12. 4 out of 5

    Bookphenomena (Micky)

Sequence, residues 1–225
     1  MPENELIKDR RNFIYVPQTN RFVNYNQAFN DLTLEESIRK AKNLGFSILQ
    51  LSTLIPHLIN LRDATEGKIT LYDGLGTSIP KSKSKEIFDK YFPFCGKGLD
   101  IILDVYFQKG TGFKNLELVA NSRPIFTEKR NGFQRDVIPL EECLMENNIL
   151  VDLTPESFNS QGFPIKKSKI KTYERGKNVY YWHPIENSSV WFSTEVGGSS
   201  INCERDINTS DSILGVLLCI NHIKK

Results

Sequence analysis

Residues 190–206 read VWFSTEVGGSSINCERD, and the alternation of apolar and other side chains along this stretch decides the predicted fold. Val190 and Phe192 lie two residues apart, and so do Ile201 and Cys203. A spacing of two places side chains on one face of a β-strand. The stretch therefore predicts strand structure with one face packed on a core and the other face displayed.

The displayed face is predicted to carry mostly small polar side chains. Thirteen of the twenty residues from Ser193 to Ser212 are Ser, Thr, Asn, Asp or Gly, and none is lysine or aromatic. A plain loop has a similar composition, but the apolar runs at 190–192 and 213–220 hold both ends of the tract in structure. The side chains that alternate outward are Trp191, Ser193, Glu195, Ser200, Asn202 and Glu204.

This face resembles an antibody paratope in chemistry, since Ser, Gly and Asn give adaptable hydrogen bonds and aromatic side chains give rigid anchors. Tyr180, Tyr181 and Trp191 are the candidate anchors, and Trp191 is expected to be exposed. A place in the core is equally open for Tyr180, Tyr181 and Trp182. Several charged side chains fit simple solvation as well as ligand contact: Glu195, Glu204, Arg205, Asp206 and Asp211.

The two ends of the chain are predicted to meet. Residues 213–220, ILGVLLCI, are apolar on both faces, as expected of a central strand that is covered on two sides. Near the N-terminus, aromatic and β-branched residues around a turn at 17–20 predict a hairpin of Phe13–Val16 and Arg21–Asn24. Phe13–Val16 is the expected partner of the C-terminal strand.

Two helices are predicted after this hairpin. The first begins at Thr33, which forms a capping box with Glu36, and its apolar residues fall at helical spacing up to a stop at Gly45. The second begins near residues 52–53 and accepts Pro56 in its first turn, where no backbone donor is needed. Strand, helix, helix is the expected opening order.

Headlines: Melancholy bordering on sad Injections of hope Families grieving I found We Are Inevitable to be an incredibly melancholy read. The main character Aaron was burdened with so many stresses and emotions that a 19 year old shouldn't have that I got why he was the way he was. Still, I needed those bits of hope that were occasionally pieced into the story. This was a story for booklovers, about a booklover who owned a bookstore. However, even the bookstore had tragedy in its shelves. Aaron's fa Headlines: Melancholy bordering on sad Injections of hope Families grieving I found We Are Inevitable to be an incredibly melancholy read. The main character Aaron was burdened with so many stresses and emotions that a 19 year old shouldn't have that I got why he was the way he was. Still, I needed those bits of hope that were occasionally pieced into the story. This was a story for booklovers, about a booklover who owned a bookstore. However, even the bookstore had tragedy in its shelves. Aaron's father, Ira was difficult to fathom, his mother a puzzle and his brother created an unresolved bundle of emotion. There were key themes of grief in this book and you need to be ready for that, alongside good mental illness representation. There were a number of clever uses of other books, book quotes and how books can soothe and solve within the story and I really appreciated those nuggets. I didn't buy into the romance and the story let me know why that was. One of our largest shelves has split down the middle, like the chesnut tree in Jane Eyre. And anyone who's read Jane Eyre knows what that portends. I found this book a bit of a pacing roller coaster but it still kept my attention. I did feel the emotion of the culmination and that was satisfying. Overall this was a book I liked but didn't love. There are other triggers in this book that I haven't mentioned, so please look for those on other reviews or DM me for details. Thank you to Simon & Schuster UK for the review copy. Find this review at A Take From Two Cities Blog.